People were more agrarian at least in my small island of PR.

Perhaps people that still own a piece of land will be able to survive . . . all they have to do is go back to make their land productive. . .

But in the urband world of cement people will have a hard time . . .

Still I think we will survive, but regretfully many will die if everything becomes scarce.

posted on Jul, 18 2006 @ 07:02 PM
Very thought provoking post, but like the guy before me we do still produce, especially technology. Our economy is very close to going over the edge with inflation at an all time high, when was the last time they raised minimum wage?? prices of natural resources soaring and along with that everything else that needs shipping or is made from byproducts will go up. I hope that after our next depression our government gets rid of the section in the constitution that says congress can spend on American credit. And we go back to having a curency backed by gold.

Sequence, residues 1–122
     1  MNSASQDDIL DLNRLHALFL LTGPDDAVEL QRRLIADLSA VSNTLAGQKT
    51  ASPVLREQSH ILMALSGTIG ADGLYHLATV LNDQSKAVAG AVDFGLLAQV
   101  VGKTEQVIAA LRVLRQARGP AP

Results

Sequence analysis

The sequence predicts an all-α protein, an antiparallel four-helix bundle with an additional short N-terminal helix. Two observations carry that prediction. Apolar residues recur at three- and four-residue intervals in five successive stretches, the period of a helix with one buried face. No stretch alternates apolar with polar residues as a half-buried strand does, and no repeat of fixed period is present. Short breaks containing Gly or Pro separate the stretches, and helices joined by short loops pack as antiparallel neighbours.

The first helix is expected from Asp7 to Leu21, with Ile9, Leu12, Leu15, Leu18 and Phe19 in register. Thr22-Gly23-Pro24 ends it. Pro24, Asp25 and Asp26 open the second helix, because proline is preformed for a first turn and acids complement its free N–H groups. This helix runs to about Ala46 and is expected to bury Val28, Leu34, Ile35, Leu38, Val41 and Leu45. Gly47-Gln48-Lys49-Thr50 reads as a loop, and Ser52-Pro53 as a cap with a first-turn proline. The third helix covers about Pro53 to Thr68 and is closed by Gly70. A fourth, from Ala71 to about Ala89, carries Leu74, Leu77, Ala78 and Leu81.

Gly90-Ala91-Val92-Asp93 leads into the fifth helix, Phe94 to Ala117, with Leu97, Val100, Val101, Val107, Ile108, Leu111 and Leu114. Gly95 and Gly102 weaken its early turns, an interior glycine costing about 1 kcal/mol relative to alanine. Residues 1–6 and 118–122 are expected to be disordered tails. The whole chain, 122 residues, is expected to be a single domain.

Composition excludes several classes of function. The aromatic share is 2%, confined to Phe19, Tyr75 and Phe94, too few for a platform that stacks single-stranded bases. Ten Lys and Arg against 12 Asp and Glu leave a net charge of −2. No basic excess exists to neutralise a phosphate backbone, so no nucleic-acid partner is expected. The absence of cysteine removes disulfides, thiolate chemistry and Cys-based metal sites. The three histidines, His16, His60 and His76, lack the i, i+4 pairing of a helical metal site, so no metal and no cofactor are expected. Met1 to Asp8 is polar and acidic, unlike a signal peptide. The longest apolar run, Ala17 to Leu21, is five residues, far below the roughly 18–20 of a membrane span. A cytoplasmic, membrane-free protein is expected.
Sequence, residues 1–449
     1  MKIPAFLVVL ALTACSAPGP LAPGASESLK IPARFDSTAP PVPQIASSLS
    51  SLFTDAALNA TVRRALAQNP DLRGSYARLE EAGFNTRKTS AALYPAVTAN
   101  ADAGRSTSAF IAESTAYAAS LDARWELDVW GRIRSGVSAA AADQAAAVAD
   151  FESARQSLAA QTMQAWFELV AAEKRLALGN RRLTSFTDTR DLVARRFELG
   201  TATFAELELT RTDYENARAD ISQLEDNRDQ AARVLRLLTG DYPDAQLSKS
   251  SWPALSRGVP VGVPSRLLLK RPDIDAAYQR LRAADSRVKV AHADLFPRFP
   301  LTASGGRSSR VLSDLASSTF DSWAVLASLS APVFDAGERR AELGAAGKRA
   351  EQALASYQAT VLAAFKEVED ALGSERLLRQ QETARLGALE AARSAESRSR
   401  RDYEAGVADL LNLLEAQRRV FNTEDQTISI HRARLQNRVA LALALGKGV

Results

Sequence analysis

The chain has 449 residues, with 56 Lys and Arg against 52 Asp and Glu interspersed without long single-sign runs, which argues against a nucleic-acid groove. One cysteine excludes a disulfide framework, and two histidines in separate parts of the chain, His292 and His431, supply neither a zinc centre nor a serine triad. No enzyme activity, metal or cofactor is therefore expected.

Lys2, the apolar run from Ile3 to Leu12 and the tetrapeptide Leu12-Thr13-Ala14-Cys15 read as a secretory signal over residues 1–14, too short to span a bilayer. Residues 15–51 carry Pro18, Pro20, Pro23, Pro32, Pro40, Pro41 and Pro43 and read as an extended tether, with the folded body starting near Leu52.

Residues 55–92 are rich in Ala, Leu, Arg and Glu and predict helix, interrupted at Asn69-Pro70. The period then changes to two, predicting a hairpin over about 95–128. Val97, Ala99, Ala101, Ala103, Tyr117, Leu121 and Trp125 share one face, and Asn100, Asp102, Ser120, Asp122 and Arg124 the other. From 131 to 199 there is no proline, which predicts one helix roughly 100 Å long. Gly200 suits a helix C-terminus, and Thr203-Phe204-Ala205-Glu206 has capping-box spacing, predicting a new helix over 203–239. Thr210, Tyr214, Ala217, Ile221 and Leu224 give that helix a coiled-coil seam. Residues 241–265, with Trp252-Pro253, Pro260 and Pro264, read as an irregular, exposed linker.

posted on Jul, 19 2006 @ 10:56 AM
Excellent point on the production aspect of the thread. I should have indicated Manufacturing jobs. I know one of the things that helped pull them out of the depression was the manufacturing jobs. I live in a city where we had lots of paper mills which was actually the reason people moved here. They employed a lot of our middle class people. All the plants have closed now and have gone overseas, leaving many unemployed and with no hope of finding that type of work again.

posted on Jul, 19 2006 @ 11:02 AM
No we won't.

How many people under 30 do you know who have a garden? How many have an iPod?

Draw your own conclusions.

posted on Jul, 19 2006 @ 11:16 AM
It is hard to imagine everyone going back to that type of lifestyle, that I completely agree with. I would have to say our children, with all their many toys and gadgets, are ill equipped to handle that type of struggle. I go to the grocery store and as I shop for the Cheetos for one, the favorite cereal for the other, etc... would my kids even survive without the cheetos? It is hard after having it so easy to imagine going back to where it is so hard... It is sad we couldn't have learned better after the first time around to make sure history was never repeated.

posted on Feb, 11 2009 @ 11:57 AM
reply to post by looking4truth

that is pure fluff. we need to produce the things we use, food energy , fuel, hard goods. tangibles. not your worthless tripe